Co-working options are popping up all over the city. Can the market support so much togetherness?
Molly Eyerman operated her HR services and recruitment consulting firm for about one-and-a-half years without a business office before slow, steady employee growth made staff meetings increasingly difficult. As it happened, a client, April Zimmerman Katz of the Zimmerman Companies, a Columbus property management and real estate investment and development company, had a solution.
Late last summer, Katz started moving forward with plans to renovate the former Zaner-Bloser office building at 1201 Dublin Road into Versa, a flexible co-working facility offering closed offices, open tables serving as work stations and a variety of business services and amenities. Eyerman was one of her first tenants.
Katz says she first began investigating the co-working concept less than two years ago as local small businesses and Fortune 1000 companies alike began seeking out the venues. “It was a concept I was intrigued about,” says the president of a business that had operated indoor tennis clubs, apartments and, until a few years ago, a swim club for 40 years. “We managed property where people lived and played,” Katz says, “and now it's where they work as well.”
Co-working or similar offerings geared toward executives and smaller professional businesses have dotted Columbus in the corners of suburban and Downtown buildings for numerous years. Research from the CBRE commercial brokerage shows 10 locations in 2010 took a combined 100,000 square feet. But burgeoning demand has changed the market. By late January of this year, 43 locations occupied just under 496,000 square feet combined. With another five sites in the works, the number could rise to 564,000 square feet before the end of the year.
Much of that interest has centered around Downtown, the Short North and other central city locations such as Versa's space just outside Grandview.
“For a middle market [like Columbus], there's been pretty astounding growth,” says CBRE office agent Philip Pelok, who represented Switzerland-based International Workplace Group's Spaces network in a 42,000-square-foot lease at 711 N. High St. in the Short North. Pelok attributes a significant portion of the growth to the city's growing hip and tech-savvy reputation. “It's all coming together,” he says, “to create a buzz.”
Co-working facilities typically offer open floor plans, flexible space commitments, shared kitchens, secure internet service and access to conference rooms and space for events and seminars. The concept “is geared toward that person wanting an environment of collaboration,” Pelok says. “You may be in different industries, but you're still like-minded entrepreneurs with a desire to grow the business.”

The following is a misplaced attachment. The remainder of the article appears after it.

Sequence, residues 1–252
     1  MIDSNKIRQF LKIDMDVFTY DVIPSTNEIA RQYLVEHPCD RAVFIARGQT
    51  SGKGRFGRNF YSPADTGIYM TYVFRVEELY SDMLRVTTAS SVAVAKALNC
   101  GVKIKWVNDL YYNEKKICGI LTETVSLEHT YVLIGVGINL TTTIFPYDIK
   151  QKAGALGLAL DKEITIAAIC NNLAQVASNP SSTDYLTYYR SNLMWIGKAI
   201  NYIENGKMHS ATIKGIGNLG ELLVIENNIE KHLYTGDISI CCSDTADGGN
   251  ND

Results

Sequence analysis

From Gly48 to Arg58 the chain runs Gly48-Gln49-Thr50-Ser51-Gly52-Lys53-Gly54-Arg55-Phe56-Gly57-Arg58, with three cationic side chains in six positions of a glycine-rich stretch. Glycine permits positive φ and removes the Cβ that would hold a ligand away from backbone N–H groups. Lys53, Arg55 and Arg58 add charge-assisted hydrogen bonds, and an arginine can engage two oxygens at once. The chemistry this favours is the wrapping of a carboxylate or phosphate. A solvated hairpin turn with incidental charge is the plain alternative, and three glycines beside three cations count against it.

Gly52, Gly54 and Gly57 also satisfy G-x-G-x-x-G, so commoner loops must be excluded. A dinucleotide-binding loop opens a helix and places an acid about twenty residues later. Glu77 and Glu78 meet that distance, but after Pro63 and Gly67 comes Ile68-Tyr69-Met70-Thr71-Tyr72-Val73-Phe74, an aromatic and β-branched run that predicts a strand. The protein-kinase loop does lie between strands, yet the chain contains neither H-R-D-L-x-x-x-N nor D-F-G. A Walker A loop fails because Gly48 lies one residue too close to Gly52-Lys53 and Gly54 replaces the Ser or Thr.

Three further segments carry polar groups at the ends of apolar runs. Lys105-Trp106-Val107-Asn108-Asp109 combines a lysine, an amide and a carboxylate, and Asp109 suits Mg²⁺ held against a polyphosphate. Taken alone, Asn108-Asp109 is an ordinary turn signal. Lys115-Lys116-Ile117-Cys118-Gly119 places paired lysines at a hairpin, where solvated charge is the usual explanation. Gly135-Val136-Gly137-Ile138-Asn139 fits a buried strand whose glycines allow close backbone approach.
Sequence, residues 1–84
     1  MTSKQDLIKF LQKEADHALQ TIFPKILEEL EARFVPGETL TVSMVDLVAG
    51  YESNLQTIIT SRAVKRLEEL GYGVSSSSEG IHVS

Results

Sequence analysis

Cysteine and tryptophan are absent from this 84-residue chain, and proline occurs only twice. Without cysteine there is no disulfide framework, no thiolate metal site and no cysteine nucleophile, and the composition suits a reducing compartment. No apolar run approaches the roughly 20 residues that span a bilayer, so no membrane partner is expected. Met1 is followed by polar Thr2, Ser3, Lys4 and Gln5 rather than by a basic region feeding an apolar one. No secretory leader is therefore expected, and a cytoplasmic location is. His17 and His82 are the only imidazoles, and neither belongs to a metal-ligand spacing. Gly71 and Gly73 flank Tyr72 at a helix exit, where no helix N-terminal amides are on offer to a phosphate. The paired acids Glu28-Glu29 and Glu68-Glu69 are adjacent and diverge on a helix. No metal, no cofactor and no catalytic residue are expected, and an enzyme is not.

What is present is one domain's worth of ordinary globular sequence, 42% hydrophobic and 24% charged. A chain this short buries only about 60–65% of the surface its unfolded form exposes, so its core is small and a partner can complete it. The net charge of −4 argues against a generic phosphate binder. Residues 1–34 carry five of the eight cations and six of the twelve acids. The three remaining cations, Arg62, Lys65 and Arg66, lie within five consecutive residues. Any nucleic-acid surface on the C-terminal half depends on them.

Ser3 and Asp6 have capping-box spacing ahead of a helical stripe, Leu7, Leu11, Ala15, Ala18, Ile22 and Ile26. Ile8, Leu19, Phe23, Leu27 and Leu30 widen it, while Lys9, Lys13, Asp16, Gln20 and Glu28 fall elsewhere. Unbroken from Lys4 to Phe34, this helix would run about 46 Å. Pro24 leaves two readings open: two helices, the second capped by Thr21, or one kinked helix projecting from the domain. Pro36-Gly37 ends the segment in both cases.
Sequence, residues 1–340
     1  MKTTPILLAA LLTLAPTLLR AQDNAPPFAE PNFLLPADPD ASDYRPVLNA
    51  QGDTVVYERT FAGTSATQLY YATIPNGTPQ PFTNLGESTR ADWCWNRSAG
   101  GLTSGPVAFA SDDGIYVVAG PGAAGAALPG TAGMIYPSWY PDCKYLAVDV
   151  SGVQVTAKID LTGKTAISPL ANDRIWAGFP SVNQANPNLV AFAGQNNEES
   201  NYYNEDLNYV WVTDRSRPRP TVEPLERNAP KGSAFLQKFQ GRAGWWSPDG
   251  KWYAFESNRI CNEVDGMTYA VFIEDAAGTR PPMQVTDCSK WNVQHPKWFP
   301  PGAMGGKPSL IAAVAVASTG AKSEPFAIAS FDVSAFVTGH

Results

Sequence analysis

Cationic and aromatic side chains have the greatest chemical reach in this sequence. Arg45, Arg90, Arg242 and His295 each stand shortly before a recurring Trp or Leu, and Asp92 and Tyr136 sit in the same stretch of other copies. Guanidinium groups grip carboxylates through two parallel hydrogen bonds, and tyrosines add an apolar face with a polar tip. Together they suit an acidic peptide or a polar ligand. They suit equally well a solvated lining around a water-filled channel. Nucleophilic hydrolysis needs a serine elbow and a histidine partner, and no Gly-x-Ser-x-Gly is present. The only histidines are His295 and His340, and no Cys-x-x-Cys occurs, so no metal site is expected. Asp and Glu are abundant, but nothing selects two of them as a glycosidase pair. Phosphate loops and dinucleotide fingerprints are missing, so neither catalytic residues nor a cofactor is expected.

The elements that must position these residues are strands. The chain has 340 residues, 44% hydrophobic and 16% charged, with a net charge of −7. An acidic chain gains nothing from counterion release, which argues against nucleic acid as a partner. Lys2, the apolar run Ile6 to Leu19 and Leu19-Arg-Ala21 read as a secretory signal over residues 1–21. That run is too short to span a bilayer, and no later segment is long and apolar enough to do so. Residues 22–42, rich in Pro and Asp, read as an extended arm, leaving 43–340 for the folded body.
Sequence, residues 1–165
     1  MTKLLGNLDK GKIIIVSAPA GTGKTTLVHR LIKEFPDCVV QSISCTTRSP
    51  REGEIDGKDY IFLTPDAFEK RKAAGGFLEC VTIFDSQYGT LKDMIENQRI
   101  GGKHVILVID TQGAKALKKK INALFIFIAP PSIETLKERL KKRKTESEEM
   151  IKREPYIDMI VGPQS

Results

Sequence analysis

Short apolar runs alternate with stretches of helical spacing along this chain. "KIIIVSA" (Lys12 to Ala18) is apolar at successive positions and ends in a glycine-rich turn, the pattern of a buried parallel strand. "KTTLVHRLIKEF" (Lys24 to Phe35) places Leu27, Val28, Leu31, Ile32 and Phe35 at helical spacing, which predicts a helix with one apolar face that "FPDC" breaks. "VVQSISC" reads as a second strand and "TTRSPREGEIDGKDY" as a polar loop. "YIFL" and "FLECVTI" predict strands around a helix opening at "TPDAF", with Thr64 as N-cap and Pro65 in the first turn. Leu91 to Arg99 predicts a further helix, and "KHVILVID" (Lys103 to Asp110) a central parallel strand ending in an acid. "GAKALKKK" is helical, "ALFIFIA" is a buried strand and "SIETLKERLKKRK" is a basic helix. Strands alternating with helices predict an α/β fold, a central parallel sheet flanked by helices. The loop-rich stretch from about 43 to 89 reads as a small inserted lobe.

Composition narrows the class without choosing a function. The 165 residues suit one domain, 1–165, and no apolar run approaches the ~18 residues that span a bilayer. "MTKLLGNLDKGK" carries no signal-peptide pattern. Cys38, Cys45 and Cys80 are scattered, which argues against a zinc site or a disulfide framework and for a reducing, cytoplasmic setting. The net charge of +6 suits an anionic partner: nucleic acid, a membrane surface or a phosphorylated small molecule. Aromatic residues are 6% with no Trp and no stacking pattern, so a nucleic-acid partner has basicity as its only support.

Scott Pickett, the Columbus principal at the Avison Young real estate brokerage that markets the High Street property, says the co-working demand comes amid changes in corporate accounting standards that encourage shorter-term leases. That demand and other corporate factors also have made the co-working office hosts more creditworthy as tenants for landlords than traditional executive office concepts offering fewer guarantees to meet lease terms. “The financial model,” Pickett says, “has changed.”
A variety of national and local players now compete in Columbus. New York City-based Industrious formally introduced the market to the upscale end of the phenomenon in mid-2015 when it staked out 10,000 square feet in Pizzuti Cos.' offices at the Joseph in the Short North. “They've been full ever since,” says Pizzuti President Joel Pizzuti.
In 2016, Columbus entrepreneur Matt Davis and partners Joel and Elisabeth Limes created their first CoHatch co-working location on the floor above the shuttered Zettler Hardware store at 659 High St. in downtown Worthington. In November 2017, CoHatch expanded its Worthington presence by opening another location in a long-shuttered library. It now expects to open a downtown Delaware location.
Startup companies represent just 10 percent or so of CoHatch's base in Worthington, Davis says, dispelling the view co-working is little more than an incubator. The Worthington client base includes lawyers, accountants and real estate-related businesses. “CoHatch is designed around people and their priorities and to help them live their ideal lives in the town they want to live in,” he says. “It's anyone with a small business who's already successful.”
The local Serendipity Labs franchise opened in September in a full floor of the Fifth Third Center in Downtown Columbus. Next up is a second, larger facility taking up half of a speculative commercial property Elford Development has under construction in the Short North.
Serendipity franchise partner Trevor Warner says he expects the two locations that are just 2½ miles apart to attract a different mix of businesses. The Downtown property has attracted primarily large corporate clients and professionals wanting proximity to the Statehouse and state and local government offices. “You're Downtown for a reason,” he says. “In the Short North, we expect fewer Fortune 1000 businesses and more of a local business flavor—attorneys, accountants and others—looking for better work, live and play space.”
CoHatch has raised $2 million to expand the concept to another 10 sites in Columbus during the next four years while also launching franchising in other markets. It has identified Springfield as its first franchise opportunity, and in early April, CoHatch announced that space above the Carsonie's Stromboli & Pizza Kitchen on Lane Avenue close to Northwest Boulevard as the first expansion space financed through the recent capital infusion.
All of this activity raises the question: How much co-working can the market support? “I know it feels like a lot of competition, but I feel confident the demand is coming,” Katz says.
Brian Ball is a freelance writer.